Food / Groceries, Shopping

Do Self-Checkouts Live Up to Their Promises?

self check out

When self-checkouts started to appear everywhere a few years ago, I balked at using them, despite the retail industry’s promises of shorter lines and lower prices. Call me a Luddite, but I believed (and still do believe) that this technology puts people out of work. A 2004 article in’s special report on self-checkouts, “What’s the Real ROI of Self-Checkout?” claims that stores really want human cashiers but can’t get enough workers willing to take the job. The same article says that cashiers displaced by self-checkouts will be diverted to customer service in other areas of their stores. Personally, I find it just as hard to find help in the aisles of stores with self-checkouts as I did a few years ago when all the cashiers were paid, and now I seem to be standing in longer lines than ever to check out.

Despite my reluctance, I have found myself starting to use the self-checkout machines. When the line for a live cashier is six shopping carts deep and my own cart contains two tired and cranky children in addition to the merchandise, the empty self-checkout lanes look very tempting. And strangely, I find that I enjoy scanning my own items. However, about 90% of the time, I still have to wait for help from the person staffing multiple self-checkout lines. Usually the machine refuses one of my coupons; sometimes it just seems to take a dislike to me and refuses to proceed.

If I have a large number of coupons (or any coupons that I know will require an employee’s override, such as a “Buy One, Get One Free” coupon), I don’t even bother with the self-checkout. One day, after waiting for nearly 40 minutes (with coupons in my hand and children in my cart) to pay one of the three live cashiers at a Super Wal-Mart with about fifty check-out lanes, I noticed that nearly all the people in line with me were senior citizens. The woman behind me in line had a walker, which she used to change positions when she got tired of leaning on her cart. I realized that those who would most benefit from the shorter lines promised by advocates of self-checkouts are often those who are the least comfortable using the scanners and checkout screens. In a way, self-checkouts have created a form of generational discrimination – the young and healthy who are easily able to learn computerized systems check out quickly while the elderly and infirm are forced to wait in longer lines than ever to get the customer service that used to be standard for everyone.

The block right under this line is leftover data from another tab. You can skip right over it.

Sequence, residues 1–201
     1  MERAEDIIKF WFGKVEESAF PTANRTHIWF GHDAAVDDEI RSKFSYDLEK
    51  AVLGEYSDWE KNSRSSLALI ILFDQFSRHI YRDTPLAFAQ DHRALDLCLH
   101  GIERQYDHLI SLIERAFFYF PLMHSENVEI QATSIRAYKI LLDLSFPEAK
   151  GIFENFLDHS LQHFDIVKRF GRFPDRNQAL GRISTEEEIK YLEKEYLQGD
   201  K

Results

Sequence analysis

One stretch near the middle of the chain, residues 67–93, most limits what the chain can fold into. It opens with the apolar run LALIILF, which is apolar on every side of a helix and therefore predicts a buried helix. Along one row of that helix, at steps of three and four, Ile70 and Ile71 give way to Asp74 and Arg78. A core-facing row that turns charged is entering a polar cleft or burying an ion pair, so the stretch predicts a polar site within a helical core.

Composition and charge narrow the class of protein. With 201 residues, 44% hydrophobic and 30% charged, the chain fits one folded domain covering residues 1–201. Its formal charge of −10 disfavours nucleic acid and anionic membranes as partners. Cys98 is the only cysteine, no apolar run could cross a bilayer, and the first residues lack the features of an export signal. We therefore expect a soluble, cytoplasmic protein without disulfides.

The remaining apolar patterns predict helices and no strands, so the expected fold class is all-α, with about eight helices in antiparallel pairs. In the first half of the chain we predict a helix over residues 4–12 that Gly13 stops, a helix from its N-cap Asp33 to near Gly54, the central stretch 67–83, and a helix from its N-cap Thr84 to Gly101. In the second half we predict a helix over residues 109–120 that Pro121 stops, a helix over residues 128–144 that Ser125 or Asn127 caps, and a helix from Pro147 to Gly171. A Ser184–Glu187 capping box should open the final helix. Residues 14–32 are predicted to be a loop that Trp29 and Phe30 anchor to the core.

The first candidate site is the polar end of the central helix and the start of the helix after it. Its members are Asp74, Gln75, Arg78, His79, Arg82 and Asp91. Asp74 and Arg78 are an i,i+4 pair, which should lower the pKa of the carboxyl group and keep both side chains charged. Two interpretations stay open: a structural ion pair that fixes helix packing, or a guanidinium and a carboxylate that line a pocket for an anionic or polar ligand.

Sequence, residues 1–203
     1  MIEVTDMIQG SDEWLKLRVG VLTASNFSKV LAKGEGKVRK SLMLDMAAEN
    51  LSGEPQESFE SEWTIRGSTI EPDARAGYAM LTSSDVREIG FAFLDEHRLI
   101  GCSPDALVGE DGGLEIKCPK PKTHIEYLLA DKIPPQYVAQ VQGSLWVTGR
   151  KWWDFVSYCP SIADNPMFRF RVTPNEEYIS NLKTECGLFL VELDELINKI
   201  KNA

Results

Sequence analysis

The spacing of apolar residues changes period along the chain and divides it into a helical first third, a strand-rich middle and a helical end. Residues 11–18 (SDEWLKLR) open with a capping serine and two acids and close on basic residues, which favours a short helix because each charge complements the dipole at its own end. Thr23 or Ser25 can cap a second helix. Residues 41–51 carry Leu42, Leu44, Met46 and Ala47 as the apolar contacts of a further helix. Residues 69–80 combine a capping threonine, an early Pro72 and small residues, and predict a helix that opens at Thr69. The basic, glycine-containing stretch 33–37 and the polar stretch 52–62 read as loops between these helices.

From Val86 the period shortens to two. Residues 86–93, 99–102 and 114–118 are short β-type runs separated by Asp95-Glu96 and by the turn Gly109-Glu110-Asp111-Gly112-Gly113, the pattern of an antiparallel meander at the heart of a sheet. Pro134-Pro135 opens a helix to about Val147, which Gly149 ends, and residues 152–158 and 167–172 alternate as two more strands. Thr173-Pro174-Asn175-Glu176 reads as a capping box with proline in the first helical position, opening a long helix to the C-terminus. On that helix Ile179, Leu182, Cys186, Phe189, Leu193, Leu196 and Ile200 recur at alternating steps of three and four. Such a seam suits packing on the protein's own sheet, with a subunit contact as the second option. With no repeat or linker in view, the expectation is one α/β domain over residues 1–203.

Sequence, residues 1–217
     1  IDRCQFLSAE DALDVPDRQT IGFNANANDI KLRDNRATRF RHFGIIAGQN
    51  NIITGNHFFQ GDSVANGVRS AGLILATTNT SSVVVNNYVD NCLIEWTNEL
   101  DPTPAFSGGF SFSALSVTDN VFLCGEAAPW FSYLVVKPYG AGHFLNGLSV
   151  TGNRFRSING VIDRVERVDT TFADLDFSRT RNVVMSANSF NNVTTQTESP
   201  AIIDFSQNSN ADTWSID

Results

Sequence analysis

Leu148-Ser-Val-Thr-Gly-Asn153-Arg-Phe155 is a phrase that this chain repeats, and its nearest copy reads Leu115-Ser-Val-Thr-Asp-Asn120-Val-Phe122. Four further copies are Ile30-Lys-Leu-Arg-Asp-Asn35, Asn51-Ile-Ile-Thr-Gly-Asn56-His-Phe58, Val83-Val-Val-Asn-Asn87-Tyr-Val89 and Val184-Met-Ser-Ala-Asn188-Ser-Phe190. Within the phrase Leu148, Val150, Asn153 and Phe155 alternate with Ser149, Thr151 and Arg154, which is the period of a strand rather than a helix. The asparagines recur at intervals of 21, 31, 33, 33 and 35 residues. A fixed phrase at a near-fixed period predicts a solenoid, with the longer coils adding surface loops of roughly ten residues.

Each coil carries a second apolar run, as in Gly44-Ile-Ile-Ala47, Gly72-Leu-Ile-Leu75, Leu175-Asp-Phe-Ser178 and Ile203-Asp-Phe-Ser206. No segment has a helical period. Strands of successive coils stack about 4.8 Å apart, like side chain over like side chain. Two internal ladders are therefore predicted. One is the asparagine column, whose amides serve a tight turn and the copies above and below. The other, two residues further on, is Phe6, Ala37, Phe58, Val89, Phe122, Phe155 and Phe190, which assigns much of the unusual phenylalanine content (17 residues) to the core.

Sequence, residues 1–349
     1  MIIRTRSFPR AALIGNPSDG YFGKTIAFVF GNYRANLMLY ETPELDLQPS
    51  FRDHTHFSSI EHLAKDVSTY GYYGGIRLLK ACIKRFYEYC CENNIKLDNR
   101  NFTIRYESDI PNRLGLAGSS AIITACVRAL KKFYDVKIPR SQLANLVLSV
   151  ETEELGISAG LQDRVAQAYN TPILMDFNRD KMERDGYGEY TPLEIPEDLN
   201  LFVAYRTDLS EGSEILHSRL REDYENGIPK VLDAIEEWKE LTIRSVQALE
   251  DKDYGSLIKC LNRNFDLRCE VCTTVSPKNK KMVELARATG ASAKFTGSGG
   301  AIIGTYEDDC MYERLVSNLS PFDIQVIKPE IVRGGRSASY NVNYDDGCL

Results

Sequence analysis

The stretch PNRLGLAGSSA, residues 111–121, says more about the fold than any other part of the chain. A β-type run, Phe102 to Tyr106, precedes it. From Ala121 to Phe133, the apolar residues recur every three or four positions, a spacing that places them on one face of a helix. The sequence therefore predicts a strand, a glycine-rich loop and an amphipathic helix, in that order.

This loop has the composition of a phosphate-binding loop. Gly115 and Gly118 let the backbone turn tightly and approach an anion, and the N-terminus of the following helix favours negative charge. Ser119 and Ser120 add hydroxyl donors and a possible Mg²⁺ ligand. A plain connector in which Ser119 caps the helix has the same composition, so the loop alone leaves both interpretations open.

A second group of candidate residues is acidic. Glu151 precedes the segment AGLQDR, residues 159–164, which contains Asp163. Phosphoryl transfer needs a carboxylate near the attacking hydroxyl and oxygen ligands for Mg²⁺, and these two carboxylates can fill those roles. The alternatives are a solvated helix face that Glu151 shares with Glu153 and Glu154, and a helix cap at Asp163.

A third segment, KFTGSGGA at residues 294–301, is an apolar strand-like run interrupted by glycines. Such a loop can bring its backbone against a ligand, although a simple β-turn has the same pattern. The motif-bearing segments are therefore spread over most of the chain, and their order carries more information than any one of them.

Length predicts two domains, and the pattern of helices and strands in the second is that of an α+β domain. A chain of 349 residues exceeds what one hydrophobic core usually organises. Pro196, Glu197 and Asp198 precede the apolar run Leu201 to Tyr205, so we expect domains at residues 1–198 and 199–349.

The reports on self-checkouts from the retail industry are mixed; they say that shoplifting has not increased (as I expected it would), but impulse buys are down. Customer service has taken a blow, but prices don’t seem to be decreasing, as they were supposed to have done. It seems that self-checkouts provide little benefit to either retailers or consumers, but I suspect many retailers will keep their self-checkout machines because they don’t want to back out on their investment in them.

I’m curious to see whether self-checkouts will catch on (with or without improvements that make them more beneficial) or will become a passing fad. I don’t really mind scanning my own groceries, but I hope that my grandchildren will know what it’s like to go to a grocery store and hear a live cashier ask, “Paper or plastic?”